Friends and Enemies

Let’s face it – most end-of-the-year school programs naturally cause us to not only reflect upon the passage of time, but also force us to look at our children in comparison to all the others. Sure, we tell each other that we shouldn’t measure our children against our friends’ children and that each child is unique….

But seriously folks, who really listens to that nonsense? I think we all do it in different ways.  Some do it to make sure we are doing things right and some do it to make sure everyone else is doing it wrong-er.   There are countless opportunities to engage in this hobby –  class parties, graduations, awards ceremonies, end-of-the-year banquets.

This year, the juxtaposition of two happenings has me stuck in my own head. Sophie was given an award for being one of the most physically fit children on Planet Earth.  Along with a steady year of high honor roll, there is nothing more a parent could ask for.  She is not only a bright shining star in the classroom, a leader of the pack, she does it with abs of steel and a heart-rate to shame us all.  She does this because of who she is and not because of our parenting.

A day later, Max performed in a  school play. It was an elaborate attempt to entertain, educate and include everyone. The teachers did a wonderful job and the kids worked very hard even as they were being boiled to death by the heat. However, as I stood/sat/stood/sat in the gymnasium feeling nauseous from that heat, I noticed how different Max really is. While I think about his CP all the time, I write about it when I am motivated, and act on it everyday, thankfully I forget it when I am with him.  However, on a stage of hundreds of 2nd graders, he is is the only one with leg braces, the only one who cannot walk and the only one who looks the way he does. For him to get on that stage to be part of the group, he needs divine intervention.  Merely standing for an hour, saying his one line and pretending to actually sing the songs is a miracle of biblical proportions.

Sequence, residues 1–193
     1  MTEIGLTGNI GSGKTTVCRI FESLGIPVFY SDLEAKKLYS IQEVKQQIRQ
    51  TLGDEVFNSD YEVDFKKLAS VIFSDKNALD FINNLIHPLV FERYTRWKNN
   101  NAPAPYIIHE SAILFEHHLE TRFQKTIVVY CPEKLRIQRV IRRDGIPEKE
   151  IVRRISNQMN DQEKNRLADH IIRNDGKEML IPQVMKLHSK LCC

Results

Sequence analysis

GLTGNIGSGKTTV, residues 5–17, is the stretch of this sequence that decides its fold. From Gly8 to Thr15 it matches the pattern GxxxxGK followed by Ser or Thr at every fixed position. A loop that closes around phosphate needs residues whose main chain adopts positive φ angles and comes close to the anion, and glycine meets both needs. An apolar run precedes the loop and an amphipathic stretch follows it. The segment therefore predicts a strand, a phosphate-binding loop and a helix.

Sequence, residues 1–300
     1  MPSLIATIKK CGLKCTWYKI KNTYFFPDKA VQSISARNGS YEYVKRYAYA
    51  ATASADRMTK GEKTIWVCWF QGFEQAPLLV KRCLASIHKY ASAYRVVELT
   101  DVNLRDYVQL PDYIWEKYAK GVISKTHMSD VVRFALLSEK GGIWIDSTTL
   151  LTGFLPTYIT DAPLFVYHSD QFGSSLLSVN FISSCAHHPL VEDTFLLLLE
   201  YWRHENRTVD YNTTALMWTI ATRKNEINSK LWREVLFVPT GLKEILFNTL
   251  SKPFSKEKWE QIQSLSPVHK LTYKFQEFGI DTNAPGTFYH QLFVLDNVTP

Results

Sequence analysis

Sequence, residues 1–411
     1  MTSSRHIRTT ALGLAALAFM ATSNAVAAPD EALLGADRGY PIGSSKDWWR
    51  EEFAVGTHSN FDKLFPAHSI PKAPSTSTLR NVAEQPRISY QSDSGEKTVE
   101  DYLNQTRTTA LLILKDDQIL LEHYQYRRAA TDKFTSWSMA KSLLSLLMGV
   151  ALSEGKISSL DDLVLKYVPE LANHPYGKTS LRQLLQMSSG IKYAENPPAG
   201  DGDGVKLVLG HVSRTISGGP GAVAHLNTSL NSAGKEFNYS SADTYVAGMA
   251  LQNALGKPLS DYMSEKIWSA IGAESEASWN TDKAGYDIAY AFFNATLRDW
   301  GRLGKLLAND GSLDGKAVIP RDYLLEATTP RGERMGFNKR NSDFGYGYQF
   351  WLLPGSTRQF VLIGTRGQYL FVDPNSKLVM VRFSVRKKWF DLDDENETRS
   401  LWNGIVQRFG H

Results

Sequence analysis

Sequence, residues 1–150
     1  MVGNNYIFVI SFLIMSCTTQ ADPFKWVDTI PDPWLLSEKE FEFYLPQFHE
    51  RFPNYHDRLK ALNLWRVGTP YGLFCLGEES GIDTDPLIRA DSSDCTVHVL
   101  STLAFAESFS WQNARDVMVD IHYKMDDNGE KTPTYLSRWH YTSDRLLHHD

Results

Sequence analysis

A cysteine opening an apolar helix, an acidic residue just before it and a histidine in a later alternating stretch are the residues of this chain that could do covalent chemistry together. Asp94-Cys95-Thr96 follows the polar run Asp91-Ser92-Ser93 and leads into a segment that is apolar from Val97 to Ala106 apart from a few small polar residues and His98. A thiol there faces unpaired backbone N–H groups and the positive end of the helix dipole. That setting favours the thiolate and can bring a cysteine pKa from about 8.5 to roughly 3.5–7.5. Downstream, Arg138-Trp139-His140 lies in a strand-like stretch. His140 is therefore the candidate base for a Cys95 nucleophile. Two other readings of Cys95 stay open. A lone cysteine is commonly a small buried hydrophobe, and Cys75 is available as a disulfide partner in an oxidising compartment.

When Sophie wins an award for the fitness of her body, she becomes something more than the others because of that body. When Max is with the others, he must become something more despite the fitness of body. His body is his enemy. Hers is her best friend.

4 Responses so far.

  1. I have a third grader with cerebral palsy and a strong, athletic, sports kid for a second grader. Although the differences between them are obvious, I’ve never looked at Kyle’s CP as his enemy- although I’ve been frustrated, aggravated, restricted, I’m also thankful. His doctors thought he’d never walk, sit, communicate or be independent. In some form or another, he has proved them wrong in each of these.

    “While I think about his CP all the time, I write about it when I am motivated, and act on it everyday, thankfully I forget it when I am with him”- this might be the most beautiful & meaningful sentence I’ve ever read.

    • wearingcostumes says:

      Thanks so much for your lovely words. I do understand what you are saying the CP not being so much of an enemy as maybe something else entirely. There have been great and wonderful things that have come to be because of it! I wish you many blissful days of “forgetfulness” too.

  2. leslie brown says:

    Once again, so well spoken. So many personal experiences I could share feeling the same way with both my sons – and that is without a challenge like CP. Your son is truly a gift to this world, and how blessed he is to have you advocate for him.

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